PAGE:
The first four boys from NCA&T who started the sit-ins of Greensboro. (Courtesy of http://americanhistory.si.edu/brown/history/6-legacy/freedom-struggle-2.html)

(which lasted for months) continued. In the case of Greensboro, the population of the all-female Bennett College and their staff greatly contributed to the success of the protest but received little credit.

 

First, the sheer numbers of female participants desensitized society to the idea of women participating in protests. Greensboro was home to two historically black colleges: Bennett, a private all female college, and NCA&T was a public and coed institution. Originally, the publicity for this movement focused on the first four males who participated, but increasingly something vital changed in the protesting that occurred in Greensboro— the women of Bennett College got involved. Linda Beatrice Brown documented the efforts and percentages of participation by Bennett College for the first time years after the protests ended.[4] In fact, during the peak of the sit-ins “as much as 40 percent of Bennett College’s student body was in the local jail, and they accounted for more than half the students being held at that time in the city,”[5] And what’s more is that is that this population of students who were incarcerated were not condemned but rather encouraged by their president Willa B. Player.  Furthermore, historian Maurice Pinard argues that as a highly repressed and discriminated against group, black women experienced an increased desire to change their current situation.[6] All in all, regardless of the reason for participation, the sit-in movement was host to incredibly high numbers of women participating, leading to a growing acceptance of women participation.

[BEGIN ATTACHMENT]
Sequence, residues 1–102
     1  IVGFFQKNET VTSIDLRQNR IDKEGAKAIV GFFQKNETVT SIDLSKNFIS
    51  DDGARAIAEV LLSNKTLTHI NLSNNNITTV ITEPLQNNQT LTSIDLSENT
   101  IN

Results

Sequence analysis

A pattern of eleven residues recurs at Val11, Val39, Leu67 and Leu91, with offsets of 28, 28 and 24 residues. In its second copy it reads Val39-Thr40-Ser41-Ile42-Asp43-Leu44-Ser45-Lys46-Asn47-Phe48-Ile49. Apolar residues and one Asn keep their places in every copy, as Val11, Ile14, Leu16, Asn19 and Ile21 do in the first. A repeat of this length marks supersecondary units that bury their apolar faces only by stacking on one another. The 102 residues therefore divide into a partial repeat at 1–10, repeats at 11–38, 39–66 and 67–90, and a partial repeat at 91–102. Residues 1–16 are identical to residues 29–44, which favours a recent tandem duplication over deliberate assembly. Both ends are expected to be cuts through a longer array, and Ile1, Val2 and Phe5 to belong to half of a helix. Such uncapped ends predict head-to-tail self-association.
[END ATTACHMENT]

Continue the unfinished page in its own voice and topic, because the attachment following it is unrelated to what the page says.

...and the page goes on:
Female Leadership at Bennett College

In addition to having incredibly high amounts of female participation, the sit-ins of Greensboro also exemplified how the movement led to the development of women in leadership positions. One of the most notable female leaders in this instance is Willa B. Player, the president of Bennett College during the time of the sit-ins. Player led before the sit-ins since she was the first African American woman to head a four year college in the United States, [7] but her image as a leader only grew through her participation and support of this movement. Player supported her students through her response to their participation. According to historian Deirdre Flowers “Player’s overwhelmingly positive response was unique among local college presidents.”[8] Her response was unique in the sense that she openly supported sit-in involvement from her students.

Player’s positive response worked in two main ways: it showed publically that she accepted and encouraged the actions of her students and allowed for Player to become increasingly involved in the movement herself. For example, Player supported the strategy sessions and even publically attended some. Furthermore, she helped make space on campus

PlayerWilla
Willa B. Player (Courtesy of http://www.sitins.com/willabplayer.shtml)